Monday, October 12, 2009

Thanksgiving Monday Snooze

Shortly before noon today we drove from Ottawa where we had earlier been recapitulating with my parents the events of yesterday's family turkey dinner, a tradition of copiousness and excess which my elderly mother insists upon hosting every year in spite of her advancing age and all the work and preparation it involves. Following our brief but blunt dissection of the social components of the gathering (always a source of contention in our clan, compiled as it is of so many strong willed and opinionated characters), we reclaimed the chafing dish in which we had transported the leek concoction (our small contribution to the feast, along with the red and white wines) and then departed fairly abruptly, seeking with some gusto to remove ourselves from the heat of the reignited embers of the fray and frazzle of immutable family politics and economics.

Zestfully putting distance between ourselves and the scene of the crime (and metaphorically washing our hands of its effects and vowing once again to avoid it in the future - though we seldom succeed), we skirted the edge of Lanark County into the pacific and wide open regions of Renfrew County, then westward along the highway through the sun dappled countryside to the corner two-storey cottage, a renovated white clapboard derelict which now houses an intimate beanery where the food is above average (at least judging by the breakfasts we've had there recently). To my surprise there weren't many people. We concluded that the rural population, rather than spending the time today to see the Fall scenery, was engaged in enjoying their own family celebrations mid-day. We both ordered the daily special, which was a corn chowder soup, hot beef sandwich with gravy and vegetables, followed by rice pudding and whipped cream, all washed down with a large glass of refreshing milk.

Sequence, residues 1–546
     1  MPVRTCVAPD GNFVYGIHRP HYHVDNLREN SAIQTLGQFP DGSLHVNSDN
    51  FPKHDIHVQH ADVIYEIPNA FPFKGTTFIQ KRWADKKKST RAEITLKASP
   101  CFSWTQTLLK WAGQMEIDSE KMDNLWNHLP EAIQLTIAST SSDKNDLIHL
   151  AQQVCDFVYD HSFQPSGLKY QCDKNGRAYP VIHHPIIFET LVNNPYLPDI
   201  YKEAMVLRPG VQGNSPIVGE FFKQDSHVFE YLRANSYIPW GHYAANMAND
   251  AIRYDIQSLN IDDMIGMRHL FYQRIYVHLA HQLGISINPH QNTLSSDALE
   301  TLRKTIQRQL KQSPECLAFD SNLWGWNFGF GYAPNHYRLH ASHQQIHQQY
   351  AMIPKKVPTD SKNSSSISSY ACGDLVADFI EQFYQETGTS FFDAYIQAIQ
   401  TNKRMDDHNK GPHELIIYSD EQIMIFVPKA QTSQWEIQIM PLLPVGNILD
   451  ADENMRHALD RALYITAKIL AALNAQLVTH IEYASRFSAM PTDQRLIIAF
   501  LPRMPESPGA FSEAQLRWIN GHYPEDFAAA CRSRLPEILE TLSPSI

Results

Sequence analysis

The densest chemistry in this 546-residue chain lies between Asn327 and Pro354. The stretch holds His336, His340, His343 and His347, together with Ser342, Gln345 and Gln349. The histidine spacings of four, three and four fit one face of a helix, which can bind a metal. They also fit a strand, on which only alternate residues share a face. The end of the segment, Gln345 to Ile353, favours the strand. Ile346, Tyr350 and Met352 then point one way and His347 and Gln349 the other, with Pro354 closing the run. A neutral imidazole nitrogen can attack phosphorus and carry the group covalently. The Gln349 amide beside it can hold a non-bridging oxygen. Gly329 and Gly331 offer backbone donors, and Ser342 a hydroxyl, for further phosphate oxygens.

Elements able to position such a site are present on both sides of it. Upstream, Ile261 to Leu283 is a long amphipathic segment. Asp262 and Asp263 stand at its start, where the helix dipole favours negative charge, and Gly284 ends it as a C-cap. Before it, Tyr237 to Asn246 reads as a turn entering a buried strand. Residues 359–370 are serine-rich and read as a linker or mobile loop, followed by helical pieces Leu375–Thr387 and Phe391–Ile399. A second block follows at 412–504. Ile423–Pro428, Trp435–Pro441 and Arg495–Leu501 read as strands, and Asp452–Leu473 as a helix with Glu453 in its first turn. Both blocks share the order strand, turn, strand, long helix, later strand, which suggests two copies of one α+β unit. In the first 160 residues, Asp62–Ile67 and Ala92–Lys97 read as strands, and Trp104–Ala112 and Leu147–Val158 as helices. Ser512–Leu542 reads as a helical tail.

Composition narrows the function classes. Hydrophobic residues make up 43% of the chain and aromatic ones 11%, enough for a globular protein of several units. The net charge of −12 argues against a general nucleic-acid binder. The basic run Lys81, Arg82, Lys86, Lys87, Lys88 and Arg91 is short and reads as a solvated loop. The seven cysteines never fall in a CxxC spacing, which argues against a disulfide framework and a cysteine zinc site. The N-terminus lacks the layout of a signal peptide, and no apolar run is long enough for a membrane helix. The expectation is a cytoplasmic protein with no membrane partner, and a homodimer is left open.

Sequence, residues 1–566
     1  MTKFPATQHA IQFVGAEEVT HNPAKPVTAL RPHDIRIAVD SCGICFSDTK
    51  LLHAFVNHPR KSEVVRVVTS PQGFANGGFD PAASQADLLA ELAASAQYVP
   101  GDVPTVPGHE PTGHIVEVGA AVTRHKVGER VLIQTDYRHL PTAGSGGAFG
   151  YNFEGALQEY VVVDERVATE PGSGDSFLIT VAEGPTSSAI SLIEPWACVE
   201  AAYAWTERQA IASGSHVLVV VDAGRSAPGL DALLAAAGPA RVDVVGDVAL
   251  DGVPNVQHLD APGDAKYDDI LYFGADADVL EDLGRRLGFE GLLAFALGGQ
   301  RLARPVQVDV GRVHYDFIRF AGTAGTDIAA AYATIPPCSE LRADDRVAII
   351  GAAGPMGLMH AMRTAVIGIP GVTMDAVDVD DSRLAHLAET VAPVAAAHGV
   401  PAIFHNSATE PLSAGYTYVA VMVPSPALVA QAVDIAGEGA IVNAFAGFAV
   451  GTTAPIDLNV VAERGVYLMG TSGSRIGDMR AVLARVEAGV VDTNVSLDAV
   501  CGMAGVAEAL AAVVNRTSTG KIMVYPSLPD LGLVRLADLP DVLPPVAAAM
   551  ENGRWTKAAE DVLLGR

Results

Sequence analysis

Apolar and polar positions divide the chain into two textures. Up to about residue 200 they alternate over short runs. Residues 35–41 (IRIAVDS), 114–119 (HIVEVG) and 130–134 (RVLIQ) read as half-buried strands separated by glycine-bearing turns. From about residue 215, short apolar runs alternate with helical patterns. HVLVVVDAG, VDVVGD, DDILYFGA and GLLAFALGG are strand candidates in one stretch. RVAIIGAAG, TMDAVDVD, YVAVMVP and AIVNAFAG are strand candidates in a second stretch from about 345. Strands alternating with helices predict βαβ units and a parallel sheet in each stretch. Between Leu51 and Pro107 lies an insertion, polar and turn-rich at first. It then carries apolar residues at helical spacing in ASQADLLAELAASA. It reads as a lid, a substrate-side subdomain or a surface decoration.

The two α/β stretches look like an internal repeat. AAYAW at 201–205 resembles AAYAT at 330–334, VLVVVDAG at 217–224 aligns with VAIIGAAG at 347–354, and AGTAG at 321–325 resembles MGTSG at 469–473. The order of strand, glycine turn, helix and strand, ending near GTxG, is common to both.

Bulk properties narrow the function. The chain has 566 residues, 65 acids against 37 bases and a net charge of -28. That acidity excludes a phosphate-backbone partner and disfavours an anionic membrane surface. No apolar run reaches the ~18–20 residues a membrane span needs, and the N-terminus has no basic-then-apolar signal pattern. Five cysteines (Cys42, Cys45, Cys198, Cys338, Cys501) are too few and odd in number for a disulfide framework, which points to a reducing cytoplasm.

Small wonder the day afterwards quickly overtook us and the inviting prospect of an afternoon snooze began to gather momentum. We determined to return home immediately, but not without taking the long scenic drive on the back roads, through the Villages of Appleton and Blakeney, which only added to the soporific effect of the meal. In my mind (as I drove) I had already begun to orchestrate the prostration of my body and soul on the green leather couch in the fireplace room, buried in a blanket, bathed in the drowsy afternoon sunlight, soothed by the chorus and cadences of Arvo Pärt's haunting music which always reminds me of an empty grey house in a vast and otherwise empty snowbound Lappland.

At home, it was the work of a moment to get myself undressed and into my more comfortable lounging clothes, then I simply collapsed onto the couch, pulling the blanket upon me. The yellow sunshine from the adjoining deck was manifesting the rich colours on the walls about me, the burl walnut picture frame that housed the unique coasters displayed on a royal blue suede background, the kitten painting in the Japanned appliqué frame with red border, the dark hardwood floors, the brass lights and fixtures, the paintings. Connecting it all were the three manual clocks, the desk, the mantel and the Ship's Bell, all ticking on their own time, creating a temporary dissonance when you listened for them, but which soon became as soothing as the sound of a surf, and before I knew it, I was gone.

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